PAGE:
Diana Roberts, WSU Extension Agronomist, Spokane County; Dennis Roe, NRCS, Pullman; Roger Veseth, WSU/UI Conservation Tillage Specialist (deceased); and Dennis Pittmann, WSU Crops and Soils Department (formerly WSU Extension research technician)
The Spokane County Direct Seeding Project was a 3-year project (2001–2003) funded by a grant from USDA-SARE (Sustainable Agriculture Research and Education).
Southern Spokane County is a unique part of eastern Washington; it is part of the Palouse, yet colder than the Pullman area and with a climate suitable for Kentucky bluegrass production. Growers in the annual cropping region (18 to 22 inches precipitation) identified residue management as a primary challenge to successfully adopting direct seeding. Seeding through heavy residue can be tough in the fall, and especially in the spring when thick winter wheat residue tends to keep the soil cold and wet.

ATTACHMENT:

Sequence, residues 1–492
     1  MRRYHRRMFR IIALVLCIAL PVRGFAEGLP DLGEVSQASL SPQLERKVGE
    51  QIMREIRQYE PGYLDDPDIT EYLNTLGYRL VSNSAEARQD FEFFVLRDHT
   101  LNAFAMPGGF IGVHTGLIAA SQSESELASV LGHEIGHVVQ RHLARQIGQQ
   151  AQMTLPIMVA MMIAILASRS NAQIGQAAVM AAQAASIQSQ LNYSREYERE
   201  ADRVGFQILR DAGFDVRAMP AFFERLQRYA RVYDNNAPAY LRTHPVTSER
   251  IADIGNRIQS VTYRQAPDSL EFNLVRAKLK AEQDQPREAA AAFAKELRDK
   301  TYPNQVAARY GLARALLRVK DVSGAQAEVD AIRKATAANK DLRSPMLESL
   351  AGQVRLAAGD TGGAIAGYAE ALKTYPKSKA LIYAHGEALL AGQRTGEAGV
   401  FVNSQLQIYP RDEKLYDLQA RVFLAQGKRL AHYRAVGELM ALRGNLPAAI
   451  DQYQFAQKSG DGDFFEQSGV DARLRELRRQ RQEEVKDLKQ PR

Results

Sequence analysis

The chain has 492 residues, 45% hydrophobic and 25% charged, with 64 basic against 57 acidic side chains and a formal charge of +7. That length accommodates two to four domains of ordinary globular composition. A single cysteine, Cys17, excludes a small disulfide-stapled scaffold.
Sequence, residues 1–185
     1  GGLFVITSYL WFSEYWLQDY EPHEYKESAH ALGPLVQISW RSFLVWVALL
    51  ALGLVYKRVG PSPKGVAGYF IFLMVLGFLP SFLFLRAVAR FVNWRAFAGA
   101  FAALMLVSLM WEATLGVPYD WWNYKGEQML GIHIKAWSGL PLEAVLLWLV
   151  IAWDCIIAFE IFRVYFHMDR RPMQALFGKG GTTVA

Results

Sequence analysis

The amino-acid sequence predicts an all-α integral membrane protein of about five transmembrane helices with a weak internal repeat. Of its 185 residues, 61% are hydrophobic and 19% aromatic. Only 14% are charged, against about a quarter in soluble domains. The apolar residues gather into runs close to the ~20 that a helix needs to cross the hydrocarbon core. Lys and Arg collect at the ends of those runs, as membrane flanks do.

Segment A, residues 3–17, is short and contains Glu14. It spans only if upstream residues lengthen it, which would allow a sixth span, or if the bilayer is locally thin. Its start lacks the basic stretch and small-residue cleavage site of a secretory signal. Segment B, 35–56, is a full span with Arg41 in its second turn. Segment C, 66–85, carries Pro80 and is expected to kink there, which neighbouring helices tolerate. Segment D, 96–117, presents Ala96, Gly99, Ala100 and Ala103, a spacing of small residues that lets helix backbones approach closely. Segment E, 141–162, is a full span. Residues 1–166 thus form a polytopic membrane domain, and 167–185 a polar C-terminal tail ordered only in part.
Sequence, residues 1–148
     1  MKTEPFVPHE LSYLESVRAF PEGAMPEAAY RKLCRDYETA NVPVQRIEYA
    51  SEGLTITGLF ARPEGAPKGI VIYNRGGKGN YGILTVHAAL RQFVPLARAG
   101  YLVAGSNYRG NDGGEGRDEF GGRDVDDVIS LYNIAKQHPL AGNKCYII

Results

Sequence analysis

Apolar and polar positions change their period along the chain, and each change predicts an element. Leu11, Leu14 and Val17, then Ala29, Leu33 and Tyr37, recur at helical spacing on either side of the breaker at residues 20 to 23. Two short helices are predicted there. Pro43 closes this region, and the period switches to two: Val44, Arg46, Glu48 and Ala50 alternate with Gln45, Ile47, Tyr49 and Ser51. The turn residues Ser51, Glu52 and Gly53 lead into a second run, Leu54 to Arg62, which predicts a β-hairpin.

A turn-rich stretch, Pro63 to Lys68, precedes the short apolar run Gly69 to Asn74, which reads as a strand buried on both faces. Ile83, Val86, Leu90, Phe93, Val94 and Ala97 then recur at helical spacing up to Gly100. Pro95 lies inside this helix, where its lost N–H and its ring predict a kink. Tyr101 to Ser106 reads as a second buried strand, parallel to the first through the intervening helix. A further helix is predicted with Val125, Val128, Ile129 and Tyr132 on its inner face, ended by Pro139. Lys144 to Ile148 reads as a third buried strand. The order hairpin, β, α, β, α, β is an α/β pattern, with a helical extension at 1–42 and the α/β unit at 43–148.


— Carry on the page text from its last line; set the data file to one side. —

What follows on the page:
The Spokane County growers participating in this direct seeding project decided to identify specific questions they wanted answered, and designed their own trials to solve them. Not surprisingly, most of the questions related to residue management.